BATHURST, Australia — Hitting the gym at night won’t keep you tossing and turning all night, contrary to popular belief. A recent study finds that evening exercise doesn’t ruin sleep and may even reduce appetite.
As more adults struggle to find the time to exercise regularly with busy schedules keeping them bogged down, working out in the evening may be an option — if folks can push themselves to exercise after a long day of work. But many fear that getting the endorphins flowing later in the day may give them a surge of energy that will sabotage their sleep and, consequently, their productivity the following day.
Not true, however, argue researchers at the Charles Sturt University. For their study, the authors focused on 30 minutes of high-intensity exercise performed in the early evening and found that this does not negatively affect sleep that night. In fact, they show that pounding away on the treadmill after the sun sets may help weaken feelings of hunger as dinner looms.
The research team recruited 11 middle-aged men to complete three experimental trials that monitored sleep and appetite responses to exercise performed between either 6 a.m. and 7 a.m., 2 p.m. and 4 p.m., or 7 p.m. and 9 p.m. Each participant was required to perform high-intensity cycling, with six one-minute, maximal intensity sprints and four minutes of rest in between. The researchers collected blood samples before and after the routine to identify and examine appetite-related hormones. They also performed several tests while the participants slept to assess sleep stages.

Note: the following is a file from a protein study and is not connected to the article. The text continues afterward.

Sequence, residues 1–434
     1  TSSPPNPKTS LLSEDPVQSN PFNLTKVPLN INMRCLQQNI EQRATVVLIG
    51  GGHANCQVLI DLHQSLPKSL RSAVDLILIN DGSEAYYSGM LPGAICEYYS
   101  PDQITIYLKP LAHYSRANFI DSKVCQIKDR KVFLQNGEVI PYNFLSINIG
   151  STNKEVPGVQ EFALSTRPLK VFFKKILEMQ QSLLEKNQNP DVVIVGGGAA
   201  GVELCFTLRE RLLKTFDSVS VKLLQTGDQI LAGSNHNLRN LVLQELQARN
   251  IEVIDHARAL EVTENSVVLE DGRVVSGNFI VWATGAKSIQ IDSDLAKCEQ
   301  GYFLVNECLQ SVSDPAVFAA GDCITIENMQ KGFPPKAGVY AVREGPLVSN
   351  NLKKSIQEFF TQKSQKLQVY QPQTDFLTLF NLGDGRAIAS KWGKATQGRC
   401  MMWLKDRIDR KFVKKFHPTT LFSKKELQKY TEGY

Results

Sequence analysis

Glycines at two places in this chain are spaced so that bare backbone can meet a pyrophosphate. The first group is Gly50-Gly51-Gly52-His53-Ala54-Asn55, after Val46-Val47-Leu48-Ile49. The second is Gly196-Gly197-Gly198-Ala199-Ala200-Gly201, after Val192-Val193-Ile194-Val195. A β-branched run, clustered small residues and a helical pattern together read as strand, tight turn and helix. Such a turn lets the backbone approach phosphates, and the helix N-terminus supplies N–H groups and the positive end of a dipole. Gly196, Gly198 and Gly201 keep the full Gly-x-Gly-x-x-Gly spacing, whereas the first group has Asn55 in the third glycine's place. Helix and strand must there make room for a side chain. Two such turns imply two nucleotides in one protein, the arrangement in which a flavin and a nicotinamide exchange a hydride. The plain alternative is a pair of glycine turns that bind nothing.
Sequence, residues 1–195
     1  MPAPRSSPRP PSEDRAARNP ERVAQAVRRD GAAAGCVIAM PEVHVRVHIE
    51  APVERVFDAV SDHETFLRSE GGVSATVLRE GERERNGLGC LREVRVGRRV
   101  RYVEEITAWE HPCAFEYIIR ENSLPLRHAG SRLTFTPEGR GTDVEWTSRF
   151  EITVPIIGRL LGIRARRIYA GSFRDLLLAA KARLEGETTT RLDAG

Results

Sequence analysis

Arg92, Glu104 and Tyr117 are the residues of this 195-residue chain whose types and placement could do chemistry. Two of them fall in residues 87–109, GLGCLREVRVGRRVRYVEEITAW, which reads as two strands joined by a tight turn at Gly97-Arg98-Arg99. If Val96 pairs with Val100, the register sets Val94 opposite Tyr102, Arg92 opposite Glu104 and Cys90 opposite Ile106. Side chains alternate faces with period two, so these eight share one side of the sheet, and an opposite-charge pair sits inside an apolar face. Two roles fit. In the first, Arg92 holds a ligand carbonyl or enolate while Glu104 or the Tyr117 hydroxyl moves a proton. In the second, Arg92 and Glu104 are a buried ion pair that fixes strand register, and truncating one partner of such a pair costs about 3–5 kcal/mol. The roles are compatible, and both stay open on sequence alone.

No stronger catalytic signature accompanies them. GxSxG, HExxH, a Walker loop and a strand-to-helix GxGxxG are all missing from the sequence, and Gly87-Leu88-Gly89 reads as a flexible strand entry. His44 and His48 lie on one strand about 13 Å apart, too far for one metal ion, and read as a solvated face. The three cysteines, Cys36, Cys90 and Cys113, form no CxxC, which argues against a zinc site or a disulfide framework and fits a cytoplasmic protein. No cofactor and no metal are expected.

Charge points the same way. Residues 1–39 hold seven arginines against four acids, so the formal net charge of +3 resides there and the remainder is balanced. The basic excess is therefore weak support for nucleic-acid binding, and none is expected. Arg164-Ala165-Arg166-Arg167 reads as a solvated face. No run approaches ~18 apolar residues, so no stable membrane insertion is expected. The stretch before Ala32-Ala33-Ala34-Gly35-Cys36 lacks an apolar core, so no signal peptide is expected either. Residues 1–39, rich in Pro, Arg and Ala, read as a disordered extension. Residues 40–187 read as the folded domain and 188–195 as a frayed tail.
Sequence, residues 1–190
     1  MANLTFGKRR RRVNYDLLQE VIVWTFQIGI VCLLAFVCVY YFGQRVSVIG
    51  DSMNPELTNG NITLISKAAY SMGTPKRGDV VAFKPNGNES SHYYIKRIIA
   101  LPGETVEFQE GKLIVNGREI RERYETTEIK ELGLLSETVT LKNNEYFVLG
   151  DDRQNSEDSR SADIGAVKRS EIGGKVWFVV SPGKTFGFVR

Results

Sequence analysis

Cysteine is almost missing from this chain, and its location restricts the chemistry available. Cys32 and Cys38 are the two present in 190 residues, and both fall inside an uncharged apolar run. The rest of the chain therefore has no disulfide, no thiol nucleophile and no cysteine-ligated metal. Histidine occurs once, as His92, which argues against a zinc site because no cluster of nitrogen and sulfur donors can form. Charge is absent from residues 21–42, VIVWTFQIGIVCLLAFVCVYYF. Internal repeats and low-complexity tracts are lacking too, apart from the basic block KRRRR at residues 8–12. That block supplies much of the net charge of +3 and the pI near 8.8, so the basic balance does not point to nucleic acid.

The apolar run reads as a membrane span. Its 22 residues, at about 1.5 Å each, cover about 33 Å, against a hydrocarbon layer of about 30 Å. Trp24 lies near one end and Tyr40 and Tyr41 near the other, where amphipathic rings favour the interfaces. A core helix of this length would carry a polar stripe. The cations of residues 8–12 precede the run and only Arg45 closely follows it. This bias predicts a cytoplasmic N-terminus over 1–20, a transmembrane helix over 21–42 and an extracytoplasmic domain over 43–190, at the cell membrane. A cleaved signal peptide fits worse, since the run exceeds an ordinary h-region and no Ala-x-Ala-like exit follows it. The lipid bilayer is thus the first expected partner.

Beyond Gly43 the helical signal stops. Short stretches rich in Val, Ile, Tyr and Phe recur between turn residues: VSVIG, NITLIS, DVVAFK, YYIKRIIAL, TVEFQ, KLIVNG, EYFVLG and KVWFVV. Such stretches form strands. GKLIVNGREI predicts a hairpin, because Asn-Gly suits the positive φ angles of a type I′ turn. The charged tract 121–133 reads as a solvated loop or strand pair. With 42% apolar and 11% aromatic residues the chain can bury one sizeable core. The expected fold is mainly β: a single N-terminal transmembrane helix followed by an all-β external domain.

The results revealed no sleep disturbance in participants who exercised in the nighttime hours. They also showed that those who exercised in the afternoon or evening had lower levels of the hunger stimulating hormone, ghrelin. And, perhaps surprisingly, participants seemed to have more energy for the exercise in the later segments of the study, which could also debunk the belief that working out first thing in the morning is the optimal time.
“Interestingly, power output during the sprint efforts was higher for the afternoon and evening trials compared to the morning trial, indicating that participants were able to perform better during latter parts of the day. Therefore, time-of-day may also need to be considered when planning training schedules,” says lead researcher Penelope Larsen in a media release.
Larsen suggests that warnings cautioning against early evening exercise, even at high-intensity levels, are overblown.
“In the future, we hope to conduct similar studies recruiting women, to determine whether sleep and appetite responses may be different depending on sex,” she says. “Also, this study only considered a single bout of exercise; therefore, it would be beneficial to investigate long-term sleep and appetite adaptations to high-intensity exercise training performed either in the morning, afternoon or evening.”
The study was published in the journal Experimental Physiology.